Lessons on Parisian Streets


I learned a lot along this trip, about myself, Parisians, France in general. Here’s a list off the top of my head which I’ll update as I think of more (I’m sleepy):


– traveling alone is awesome because no one complains about their feet hurting (my feet didn’t hurt even once)

– traveling alone is awesome because in a matter of an hour I can run/metro between, like, three to five places that I’ve been to already and just want to see again briefly – I choose where, I choose when, I choose how long

– traveling alone is awesome because I can eat when I’m hungry and stop wherever I want

– traveling alone is awesome because I’m forced to learn how to use GPS properly and I’ve mastered the metro system

– traveling alone is not so awesome when you want to shout out how wowed you are about something and you’re forced to type it out to someone where there it’s five in the morning and they don’t give a damn, or you talk outloud to yourself accidentally and seem insane

– traveling alone is not so awesome when your evenings are cut short because you don’t want to walk home alone after dark

– traveling alone is not so awesome when you see couples holding hands and smiling lovingly at one another in the city of love and you go and reach, but nothing is there

– I am really good at keeping calm when I’m on my own (mostly because I’m afraid of people seeing panic on my face)

– I know this city pretty damn well (and when I don’t, I can fake it pretty well)



I have mastered their look: act completely disgusted with your beautiful city, don’t look the least bit interested, pretend like you’re eternally smelling a stinky fart, and the scammers and thieves won’t even say “boo” to you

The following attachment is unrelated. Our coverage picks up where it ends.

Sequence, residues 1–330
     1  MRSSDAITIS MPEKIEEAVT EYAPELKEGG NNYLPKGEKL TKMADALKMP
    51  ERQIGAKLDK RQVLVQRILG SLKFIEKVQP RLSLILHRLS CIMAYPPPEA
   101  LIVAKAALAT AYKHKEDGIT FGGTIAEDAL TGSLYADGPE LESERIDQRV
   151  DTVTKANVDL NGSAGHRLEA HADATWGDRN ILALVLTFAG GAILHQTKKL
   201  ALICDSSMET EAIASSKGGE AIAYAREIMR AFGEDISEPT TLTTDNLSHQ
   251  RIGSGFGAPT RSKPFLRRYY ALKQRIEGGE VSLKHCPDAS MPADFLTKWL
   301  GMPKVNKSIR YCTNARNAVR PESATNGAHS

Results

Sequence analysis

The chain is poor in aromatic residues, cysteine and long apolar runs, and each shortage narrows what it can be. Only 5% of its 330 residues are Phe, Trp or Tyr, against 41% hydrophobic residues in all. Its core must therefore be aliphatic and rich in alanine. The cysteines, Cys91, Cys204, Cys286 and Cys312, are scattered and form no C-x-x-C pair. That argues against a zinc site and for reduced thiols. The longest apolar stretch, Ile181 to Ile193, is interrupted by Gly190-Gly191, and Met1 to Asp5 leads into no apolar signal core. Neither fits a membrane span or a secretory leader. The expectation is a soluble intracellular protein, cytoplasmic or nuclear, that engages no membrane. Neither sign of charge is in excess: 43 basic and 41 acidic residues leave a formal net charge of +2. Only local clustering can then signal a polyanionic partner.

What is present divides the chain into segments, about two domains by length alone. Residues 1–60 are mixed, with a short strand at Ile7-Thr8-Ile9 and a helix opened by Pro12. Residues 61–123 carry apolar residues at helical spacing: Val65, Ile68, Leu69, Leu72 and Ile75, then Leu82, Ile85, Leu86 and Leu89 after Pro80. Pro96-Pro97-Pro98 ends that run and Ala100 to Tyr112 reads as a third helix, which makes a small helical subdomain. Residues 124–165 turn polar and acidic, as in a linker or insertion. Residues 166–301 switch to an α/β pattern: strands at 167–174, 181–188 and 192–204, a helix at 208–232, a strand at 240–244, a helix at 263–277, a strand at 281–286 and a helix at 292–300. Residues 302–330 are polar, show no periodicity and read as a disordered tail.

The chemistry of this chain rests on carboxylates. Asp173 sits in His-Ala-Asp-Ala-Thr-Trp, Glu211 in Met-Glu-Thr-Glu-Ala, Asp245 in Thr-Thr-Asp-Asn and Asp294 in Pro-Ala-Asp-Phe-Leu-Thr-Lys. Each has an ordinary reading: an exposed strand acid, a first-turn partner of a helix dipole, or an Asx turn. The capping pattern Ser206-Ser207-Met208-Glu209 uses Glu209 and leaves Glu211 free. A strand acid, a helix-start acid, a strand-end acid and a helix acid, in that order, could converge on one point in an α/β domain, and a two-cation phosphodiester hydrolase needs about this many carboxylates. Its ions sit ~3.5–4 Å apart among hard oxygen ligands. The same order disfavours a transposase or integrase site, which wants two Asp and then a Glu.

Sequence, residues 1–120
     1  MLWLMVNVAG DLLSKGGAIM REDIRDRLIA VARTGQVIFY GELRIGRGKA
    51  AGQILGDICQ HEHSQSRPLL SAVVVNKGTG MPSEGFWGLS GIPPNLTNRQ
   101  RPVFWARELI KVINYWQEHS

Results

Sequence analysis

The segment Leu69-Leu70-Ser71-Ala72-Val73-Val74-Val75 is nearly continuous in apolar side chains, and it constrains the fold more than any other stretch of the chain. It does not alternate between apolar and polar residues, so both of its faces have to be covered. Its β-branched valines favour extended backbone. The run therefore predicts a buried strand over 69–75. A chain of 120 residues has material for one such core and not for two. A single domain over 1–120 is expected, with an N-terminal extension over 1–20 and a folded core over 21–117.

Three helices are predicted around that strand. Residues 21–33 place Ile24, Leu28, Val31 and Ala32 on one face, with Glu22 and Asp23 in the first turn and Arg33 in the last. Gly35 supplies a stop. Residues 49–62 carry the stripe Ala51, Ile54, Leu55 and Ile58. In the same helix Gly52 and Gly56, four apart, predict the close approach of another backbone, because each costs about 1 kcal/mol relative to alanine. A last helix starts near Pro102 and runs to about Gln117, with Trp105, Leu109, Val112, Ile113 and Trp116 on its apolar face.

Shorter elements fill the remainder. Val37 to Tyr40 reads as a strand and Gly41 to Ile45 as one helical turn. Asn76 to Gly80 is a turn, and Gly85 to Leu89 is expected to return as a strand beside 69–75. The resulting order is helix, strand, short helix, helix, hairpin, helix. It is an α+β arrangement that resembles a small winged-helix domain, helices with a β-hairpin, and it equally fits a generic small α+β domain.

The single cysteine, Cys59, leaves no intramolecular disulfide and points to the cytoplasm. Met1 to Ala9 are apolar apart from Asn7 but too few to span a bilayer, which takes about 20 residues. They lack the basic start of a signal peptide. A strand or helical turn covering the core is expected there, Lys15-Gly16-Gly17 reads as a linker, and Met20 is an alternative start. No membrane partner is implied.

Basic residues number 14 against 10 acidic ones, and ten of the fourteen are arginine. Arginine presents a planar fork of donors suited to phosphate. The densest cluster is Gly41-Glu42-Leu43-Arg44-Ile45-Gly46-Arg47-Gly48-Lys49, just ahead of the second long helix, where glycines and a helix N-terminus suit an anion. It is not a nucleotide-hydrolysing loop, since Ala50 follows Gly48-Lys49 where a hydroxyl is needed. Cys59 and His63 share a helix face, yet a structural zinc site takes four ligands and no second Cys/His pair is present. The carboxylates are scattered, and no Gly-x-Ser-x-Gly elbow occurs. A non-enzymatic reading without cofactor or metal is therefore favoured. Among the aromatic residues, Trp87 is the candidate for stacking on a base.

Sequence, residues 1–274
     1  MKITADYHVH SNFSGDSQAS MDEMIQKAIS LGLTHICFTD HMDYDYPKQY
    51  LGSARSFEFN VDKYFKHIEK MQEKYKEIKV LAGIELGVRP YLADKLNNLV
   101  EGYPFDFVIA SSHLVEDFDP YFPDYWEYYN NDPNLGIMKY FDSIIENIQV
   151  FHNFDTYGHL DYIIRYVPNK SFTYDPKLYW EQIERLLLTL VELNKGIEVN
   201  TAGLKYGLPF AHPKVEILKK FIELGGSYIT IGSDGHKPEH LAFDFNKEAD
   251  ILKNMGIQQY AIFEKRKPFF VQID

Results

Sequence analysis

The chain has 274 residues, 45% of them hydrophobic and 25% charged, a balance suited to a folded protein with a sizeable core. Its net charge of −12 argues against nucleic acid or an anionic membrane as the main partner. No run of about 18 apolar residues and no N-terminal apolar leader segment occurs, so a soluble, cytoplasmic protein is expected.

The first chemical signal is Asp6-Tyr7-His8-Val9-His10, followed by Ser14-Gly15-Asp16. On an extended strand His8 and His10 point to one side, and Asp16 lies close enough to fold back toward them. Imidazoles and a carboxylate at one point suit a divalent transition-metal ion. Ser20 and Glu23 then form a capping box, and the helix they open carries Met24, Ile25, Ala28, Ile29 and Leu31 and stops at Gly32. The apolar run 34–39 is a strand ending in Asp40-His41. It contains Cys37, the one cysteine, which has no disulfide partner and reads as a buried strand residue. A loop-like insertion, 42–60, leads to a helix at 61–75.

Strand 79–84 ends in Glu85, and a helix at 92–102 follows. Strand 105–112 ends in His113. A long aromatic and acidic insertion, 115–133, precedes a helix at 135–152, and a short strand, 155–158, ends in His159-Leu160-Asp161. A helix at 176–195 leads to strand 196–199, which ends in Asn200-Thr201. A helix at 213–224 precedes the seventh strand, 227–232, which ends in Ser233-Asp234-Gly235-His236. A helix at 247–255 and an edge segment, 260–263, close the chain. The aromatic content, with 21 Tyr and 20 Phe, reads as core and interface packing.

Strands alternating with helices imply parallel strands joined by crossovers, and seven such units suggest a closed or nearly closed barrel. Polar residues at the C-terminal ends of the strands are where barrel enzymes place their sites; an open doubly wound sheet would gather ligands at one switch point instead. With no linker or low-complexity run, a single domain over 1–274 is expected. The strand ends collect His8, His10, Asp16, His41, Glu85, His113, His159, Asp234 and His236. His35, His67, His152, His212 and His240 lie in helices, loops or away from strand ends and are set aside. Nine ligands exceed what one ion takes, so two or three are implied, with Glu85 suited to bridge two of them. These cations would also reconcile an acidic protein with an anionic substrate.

– I have mastered their demeanor: always find something to complain about, kiss your teeth when you witness lame, American tourists, say “merde” under your breath all the time

– if you’re going to be terrible at speaking French, find a way to slip into the conversation that you’re Canadian and not American and you’ll see all their muscles relax and a smile come over their face

– Parisians hate Asian tourists, and they make it terribly obvious to them (and it makes me very uncomfortable to witness)

– every woman is thin and every thin woman glares at the tourists who may not be thin… And then when you reach the suburbs, the reverse is true

– simplicity, simplicity, simplicity… And a baguette in the Luxembourg gardens on your lunch break… NBD

– Parisian kids are always on their own, no matter the age or time of day, running around with friends or riding scooters down alleyways, with parents no where to be found (wish it could be safe enough for kids in the Western world to do this)

– glare at people who start conversations in English and glare at people who try and speak their poor French to your magnifique French ears (but only if they haven’t mentioned they’re Canadian)

– books are valued, books are respected, as such book stores are an important part of Parisian culture and the written word is how most intake their information

– do not look at anyone on the metro, ever – look at feet or read a paper/book… The crazies will take it as an invitation, the others will think you’re being rude

– Parisians LOVE their Nikes! A few hipsters had those Vans shoes everyone here has, but majority were walking some fresh, fresh Swoosh kicks. At three times the price of shoes here, you’ve got to marvel at their brand loyalty. I’m glad I brought my blush kicks with me because they got so many looks on the metro. 😎


That’s all for now! As I think of more, I’ll add more and mention it in some form of social media.

What do you think of my list?






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